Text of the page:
VERBAL REASONING SECTION

Before you start a Verbal Reasoning section, glance over it completely but quickly to familiarize yourself with it. With Reading Comprehension, you can preview the question stems to help guide your reading, but don’t try to memorize them or answer the questions without reading the passages. We recommend that you answer the questions you’re most comfortable with first. Make sure you set aside at least 15 minutes in each Verbal Reasoning section for Reading Comprehension.

Always try to be aware of how long you’re spending on each question; this might require more effort than it does on the MST, since you won’t have an onscreen timer. If you find yourself getting hung up on a hard question, move on and come back to it later if you have time. You want to give yourself every opportunity to answer as many questions as you are capable of answering correctly.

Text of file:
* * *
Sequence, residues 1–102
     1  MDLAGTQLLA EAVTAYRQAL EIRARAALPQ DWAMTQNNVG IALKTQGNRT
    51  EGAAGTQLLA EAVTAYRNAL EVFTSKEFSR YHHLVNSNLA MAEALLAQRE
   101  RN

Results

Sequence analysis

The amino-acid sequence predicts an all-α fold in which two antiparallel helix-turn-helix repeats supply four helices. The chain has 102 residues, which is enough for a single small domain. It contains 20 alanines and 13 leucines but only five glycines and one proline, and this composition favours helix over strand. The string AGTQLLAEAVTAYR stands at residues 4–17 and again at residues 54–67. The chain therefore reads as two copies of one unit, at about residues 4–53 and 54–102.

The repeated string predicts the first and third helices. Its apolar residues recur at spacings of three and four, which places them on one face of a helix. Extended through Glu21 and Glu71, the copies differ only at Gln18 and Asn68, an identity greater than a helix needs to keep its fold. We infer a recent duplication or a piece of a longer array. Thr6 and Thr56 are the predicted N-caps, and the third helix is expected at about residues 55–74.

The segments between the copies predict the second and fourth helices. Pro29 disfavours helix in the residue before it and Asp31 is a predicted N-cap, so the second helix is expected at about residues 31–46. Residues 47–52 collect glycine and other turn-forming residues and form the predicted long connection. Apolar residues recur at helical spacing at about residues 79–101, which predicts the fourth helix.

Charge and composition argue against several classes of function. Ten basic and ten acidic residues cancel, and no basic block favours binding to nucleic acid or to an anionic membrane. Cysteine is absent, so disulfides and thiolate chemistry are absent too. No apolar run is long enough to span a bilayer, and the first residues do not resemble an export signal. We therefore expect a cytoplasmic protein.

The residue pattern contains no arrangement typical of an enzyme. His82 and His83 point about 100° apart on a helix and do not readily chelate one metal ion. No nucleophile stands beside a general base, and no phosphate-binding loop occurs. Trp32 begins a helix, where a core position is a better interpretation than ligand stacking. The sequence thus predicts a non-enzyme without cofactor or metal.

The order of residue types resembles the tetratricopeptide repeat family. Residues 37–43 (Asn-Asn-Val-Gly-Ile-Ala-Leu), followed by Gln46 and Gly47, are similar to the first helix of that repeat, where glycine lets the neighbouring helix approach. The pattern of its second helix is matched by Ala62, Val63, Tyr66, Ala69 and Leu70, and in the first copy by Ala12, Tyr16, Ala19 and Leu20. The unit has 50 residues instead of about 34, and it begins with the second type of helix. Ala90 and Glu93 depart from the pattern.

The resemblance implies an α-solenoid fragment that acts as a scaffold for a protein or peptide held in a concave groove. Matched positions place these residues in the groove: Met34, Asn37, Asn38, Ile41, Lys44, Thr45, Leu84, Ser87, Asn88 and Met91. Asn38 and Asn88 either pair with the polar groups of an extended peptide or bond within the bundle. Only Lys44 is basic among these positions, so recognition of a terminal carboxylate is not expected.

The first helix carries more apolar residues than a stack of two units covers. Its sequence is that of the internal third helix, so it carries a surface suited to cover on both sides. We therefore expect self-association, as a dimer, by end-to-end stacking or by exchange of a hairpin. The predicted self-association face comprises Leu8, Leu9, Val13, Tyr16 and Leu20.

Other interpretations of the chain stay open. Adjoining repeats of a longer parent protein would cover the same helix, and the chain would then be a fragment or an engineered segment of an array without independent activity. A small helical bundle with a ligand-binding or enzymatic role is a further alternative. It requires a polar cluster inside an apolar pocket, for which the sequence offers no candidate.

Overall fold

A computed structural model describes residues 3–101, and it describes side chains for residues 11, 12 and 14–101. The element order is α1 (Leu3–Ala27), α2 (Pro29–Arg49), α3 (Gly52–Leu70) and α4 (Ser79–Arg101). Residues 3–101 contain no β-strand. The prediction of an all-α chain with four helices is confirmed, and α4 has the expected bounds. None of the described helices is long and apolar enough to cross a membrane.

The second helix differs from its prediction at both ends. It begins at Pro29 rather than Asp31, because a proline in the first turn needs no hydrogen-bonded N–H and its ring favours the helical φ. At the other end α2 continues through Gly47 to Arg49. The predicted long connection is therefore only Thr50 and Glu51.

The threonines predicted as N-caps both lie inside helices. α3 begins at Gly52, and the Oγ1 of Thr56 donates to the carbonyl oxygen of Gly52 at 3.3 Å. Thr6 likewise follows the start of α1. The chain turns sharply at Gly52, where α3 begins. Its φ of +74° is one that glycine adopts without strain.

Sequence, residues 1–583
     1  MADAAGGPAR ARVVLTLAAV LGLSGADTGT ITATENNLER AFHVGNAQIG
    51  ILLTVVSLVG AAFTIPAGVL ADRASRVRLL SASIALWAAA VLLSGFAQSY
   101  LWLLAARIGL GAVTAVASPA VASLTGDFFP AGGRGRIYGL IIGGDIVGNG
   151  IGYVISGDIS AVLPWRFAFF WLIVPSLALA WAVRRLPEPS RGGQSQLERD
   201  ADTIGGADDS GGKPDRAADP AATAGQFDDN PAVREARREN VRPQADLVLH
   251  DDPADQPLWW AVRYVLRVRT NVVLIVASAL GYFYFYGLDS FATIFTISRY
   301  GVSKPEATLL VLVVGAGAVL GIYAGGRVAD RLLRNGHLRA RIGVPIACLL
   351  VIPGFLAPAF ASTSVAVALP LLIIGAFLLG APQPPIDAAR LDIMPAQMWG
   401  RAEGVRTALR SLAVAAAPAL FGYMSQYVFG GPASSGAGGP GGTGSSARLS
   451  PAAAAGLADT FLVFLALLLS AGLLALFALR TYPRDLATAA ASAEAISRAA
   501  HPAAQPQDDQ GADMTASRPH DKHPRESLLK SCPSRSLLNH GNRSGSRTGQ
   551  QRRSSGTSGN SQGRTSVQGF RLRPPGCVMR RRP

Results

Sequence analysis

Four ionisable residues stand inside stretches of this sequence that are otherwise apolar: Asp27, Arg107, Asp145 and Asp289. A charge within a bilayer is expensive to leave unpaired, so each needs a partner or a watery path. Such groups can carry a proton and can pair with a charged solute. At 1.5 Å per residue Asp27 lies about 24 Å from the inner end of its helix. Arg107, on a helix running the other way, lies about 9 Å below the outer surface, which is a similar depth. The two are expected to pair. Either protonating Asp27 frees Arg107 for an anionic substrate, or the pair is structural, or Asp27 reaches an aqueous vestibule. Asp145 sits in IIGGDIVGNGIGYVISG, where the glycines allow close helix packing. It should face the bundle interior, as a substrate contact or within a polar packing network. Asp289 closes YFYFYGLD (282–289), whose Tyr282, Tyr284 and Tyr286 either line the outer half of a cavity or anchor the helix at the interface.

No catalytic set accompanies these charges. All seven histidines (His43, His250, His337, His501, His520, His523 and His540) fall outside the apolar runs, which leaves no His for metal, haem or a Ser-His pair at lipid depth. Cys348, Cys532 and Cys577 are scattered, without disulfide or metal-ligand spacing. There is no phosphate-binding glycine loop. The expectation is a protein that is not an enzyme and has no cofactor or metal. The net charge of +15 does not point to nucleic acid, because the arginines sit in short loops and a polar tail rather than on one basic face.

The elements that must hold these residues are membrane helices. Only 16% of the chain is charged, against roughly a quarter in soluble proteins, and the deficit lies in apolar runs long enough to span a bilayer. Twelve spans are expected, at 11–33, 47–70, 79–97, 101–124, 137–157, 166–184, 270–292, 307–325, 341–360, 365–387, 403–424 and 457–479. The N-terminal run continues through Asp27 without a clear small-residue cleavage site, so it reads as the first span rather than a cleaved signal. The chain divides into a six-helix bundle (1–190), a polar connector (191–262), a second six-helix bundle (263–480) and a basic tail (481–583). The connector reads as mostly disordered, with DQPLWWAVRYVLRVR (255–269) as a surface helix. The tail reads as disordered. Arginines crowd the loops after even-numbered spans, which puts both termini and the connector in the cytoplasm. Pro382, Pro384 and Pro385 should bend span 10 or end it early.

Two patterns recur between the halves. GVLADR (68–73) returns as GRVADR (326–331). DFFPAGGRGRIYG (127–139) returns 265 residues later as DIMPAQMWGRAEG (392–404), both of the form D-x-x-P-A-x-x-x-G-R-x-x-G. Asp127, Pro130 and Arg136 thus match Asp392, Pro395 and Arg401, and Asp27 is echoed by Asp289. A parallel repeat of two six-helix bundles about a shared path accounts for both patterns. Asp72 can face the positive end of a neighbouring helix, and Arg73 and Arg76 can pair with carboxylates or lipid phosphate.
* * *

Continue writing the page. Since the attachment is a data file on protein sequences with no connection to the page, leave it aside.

The Verbal Reasoning sections on the paper-based test have 25 questions—5 more than each section on the MST. The question types and formats on the paper-based Verbal sections are the same as those on the MST, with one exception: the question format that requires you to highlight a sentence, Select-in-Passage, is not available.

QUANTITATIVE REASONING SECTION

As on the Verbal Reasoning sections, it will behoove you to stay aware of your pacing on the Quantitative Reasoning sections. Calculators are now permitted on the GRE and will be provided at the testing center. Still, don’t forget to use your scratch paper for any calculations that are more quickly or accurately performed by hand. Feel free to skip around within this section as well and do all the problems you can do; then come back to the harder ones.

The Quantitative Reasoning sections of the paper-based test have 25 questions—5 more than each section on the MST. The question types and formats on the paper-based Quantitative sections are the same as those on the MST. You will also mark all of your answers directly in the test book, which means you don’t have to worry about filling in a separate answer grid!

This chapter has given you an understanding of the GRE MST and paper-based test formats. Let’s now turn to the test sections and get you ready for each one.